Not for the first time since August, it’s tempting to look at the stark contrasts between this season and last. Expectations dramatically lower, certainly. Sixth from bottom after this game, as opposed to sixth from top in May. By and large, playing our better stuff – and certainly picking up more points – at home; our away record was a proud thing last season, but merely loitered in the back of the mind of those who didn’t get to many away games.
Month: October 2008
Let’s get it out of the way, then: Tamas, you’re a blithering idiot. Just at the point where you’d started to think that, with Will Hoskins guiding the midfield into the opposition’s vulnerable areas quite brilliantly, we could really do some damage on the break as Cardiff pressed forward. Just at the point where you’ve scored a couple of goals and given your Watford career some desperately-needed momentum. Just at the point where your rival is returning from injury. You have blancmange for brains, sir.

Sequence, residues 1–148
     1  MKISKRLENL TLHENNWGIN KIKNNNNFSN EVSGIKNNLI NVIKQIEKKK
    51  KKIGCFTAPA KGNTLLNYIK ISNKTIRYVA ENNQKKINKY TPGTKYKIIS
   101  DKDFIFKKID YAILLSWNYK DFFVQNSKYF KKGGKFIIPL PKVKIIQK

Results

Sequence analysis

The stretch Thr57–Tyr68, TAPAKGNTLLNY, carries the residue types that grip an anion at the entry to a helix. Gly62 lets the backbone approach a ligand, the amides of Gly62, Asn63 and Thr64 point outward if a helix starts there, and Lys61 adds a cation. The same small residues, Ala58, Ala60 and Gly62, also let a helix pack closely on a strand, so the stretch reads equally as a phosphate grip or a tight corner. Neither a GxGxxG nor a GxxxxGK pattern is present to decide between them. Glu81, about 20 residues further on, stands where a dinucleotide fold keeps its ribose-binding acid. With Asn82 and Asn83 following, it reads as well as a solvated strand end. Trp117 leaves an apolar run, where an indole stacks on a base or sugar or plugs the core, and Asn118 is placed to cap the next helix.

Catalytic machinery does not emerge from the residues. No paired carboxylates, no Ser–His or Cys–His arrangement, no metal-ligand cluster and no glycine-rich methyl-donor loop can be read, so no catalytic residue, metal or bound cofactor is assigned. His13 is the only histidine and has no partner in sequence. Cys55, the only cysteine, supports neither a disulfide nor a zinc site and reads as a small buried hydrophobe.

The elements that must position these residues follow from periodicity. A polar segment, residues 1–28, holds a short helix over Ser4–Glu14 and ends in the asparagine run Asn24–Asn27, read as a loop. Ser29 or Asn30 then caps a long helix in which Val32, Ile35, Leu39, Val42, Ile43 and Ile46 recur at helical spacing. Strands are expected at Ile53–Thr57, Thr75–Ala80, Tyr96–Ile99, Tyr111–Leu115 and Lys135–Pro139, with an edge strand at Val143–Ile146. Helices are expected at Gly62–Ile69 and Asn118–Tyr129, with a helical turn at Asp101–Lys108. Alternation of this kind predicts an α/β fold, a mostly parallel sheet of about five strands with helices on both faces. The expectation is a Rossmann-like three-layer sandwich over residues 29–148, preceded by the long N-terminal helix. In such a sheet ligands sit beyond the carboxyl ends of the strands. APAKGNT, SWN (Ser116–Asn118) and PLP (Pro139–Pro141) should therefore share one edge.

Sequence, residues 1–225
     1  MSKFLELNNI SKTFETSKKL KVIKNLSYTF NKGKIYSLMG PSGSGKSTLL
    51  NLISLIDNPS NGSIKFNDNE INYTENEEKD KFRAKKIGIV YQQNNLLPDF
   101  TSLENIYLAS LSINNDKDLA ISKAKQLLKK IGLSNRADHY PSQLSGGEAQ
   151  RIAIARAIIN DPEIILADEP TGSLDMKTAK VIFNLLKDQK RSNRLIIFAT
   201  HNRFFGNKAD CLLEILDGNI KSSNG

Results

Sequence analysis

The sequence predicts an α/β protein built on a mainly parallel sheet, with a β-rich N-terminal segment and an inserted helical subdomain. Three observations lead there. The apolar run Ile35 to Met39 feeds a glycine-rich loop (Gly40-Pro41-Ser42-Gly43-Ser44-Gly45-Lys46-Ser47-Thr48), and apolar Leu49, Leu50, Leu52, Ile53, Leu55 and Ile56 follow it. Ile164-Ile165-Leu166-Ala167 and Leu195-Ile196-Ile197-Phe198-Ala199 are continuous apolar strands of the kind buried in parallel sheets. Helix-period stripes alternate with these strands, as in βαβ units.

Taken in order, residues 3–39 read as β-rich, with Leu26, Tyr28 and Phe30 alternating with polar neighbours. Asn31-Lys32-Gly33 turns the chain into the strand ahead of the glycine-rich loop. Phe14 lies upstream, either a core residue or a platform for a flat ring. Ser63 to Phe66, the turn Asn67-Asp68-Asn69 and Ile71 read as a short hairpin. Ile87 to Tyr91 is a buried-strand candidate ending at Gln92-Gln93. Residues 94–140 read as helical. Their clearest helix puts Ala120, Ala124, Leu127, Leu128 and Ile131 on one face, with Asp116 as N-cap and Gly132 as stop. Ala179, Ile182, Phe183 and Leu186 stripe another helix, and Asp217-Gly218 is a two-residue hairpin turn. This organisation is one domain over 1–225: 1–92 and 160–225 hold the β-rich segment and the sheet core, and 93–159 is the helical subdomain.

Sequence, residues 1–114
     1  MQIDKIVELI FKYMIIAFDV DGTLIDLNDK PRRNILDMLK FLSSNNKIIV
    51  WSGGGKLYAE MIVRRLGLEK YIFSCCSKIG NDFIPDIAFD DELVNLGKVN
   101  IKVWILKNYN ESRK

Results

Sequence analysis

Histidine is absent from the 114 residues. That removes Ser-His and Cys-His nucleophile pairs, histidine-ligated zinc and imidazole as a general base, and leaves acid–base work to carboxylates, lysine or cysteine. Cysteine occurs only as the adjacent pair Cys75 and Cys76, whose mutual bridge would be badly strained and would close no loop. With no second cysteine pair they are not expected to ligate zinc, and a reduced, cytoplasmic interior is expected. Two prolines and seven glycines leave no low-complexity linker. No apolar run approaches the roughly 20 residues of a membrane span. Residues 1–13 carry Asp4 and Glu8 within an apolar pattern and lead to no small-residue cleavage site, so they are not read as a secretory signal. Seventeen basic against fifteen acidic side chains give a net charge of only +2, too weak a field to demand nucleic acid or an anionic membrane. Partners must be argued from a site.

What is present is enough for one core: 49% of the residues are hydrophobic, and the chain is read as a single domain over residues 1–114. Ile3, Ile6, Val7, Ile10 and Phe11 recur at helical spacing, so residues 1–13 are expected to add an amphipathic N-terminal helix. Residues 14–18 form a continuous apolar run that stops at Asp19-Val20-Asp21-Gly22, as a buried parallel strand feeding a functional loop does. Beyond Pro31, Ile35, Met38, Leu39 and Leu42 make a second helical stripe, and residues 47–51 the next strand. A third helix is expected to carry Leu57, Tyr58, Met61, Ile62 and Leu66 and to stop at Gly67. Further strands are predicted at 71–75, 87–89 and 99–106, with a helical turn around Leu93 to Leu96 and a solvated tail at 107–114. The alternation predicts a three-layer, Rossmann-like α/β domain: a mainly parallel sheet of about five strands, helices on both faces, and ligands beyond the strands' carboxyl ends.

Watford goalkeeper Richard Lee saved two penalties to ensure his side were comfortable winners at Southampton. Lee brought down David McGoldrick but made amends by saving the spot-kick and Tamas Priskin compounded the miss by stabbing the opener for Watford. Saints won their second penalty when Adrian Mariappa fouled Ryan Smith but Paul Wotton was also denied by Lee.
Form and a glance at the teamsheet suggested that a painfully young Southampton side might cause us a few problems going forward, but a back four with an average age of nineteen was there to be pressured and bullied.
The 100 Greatest Watford Wins- No.87: It was somehow fitting that this bizarre match at the St Mary’s Stadium turned out to be the last Watford victory Aidy Boothroyd presided over. Of all Boothroyd’s ugly but glorious triumphs, this was one of the most eventful. Richard Lee saved two penalties, the first in the second minute, and the Hornets managed to put the game beyond doubt before half-time.
A quite ridiculously open game of football that looked like delivering many more goals at each end. Due in no small part to our formation – going 4-4-2 without John Eustace in midfield was always going to be a high risk strategy. We had enough to make it pay off; all six of our “attacking” players had good afternoons.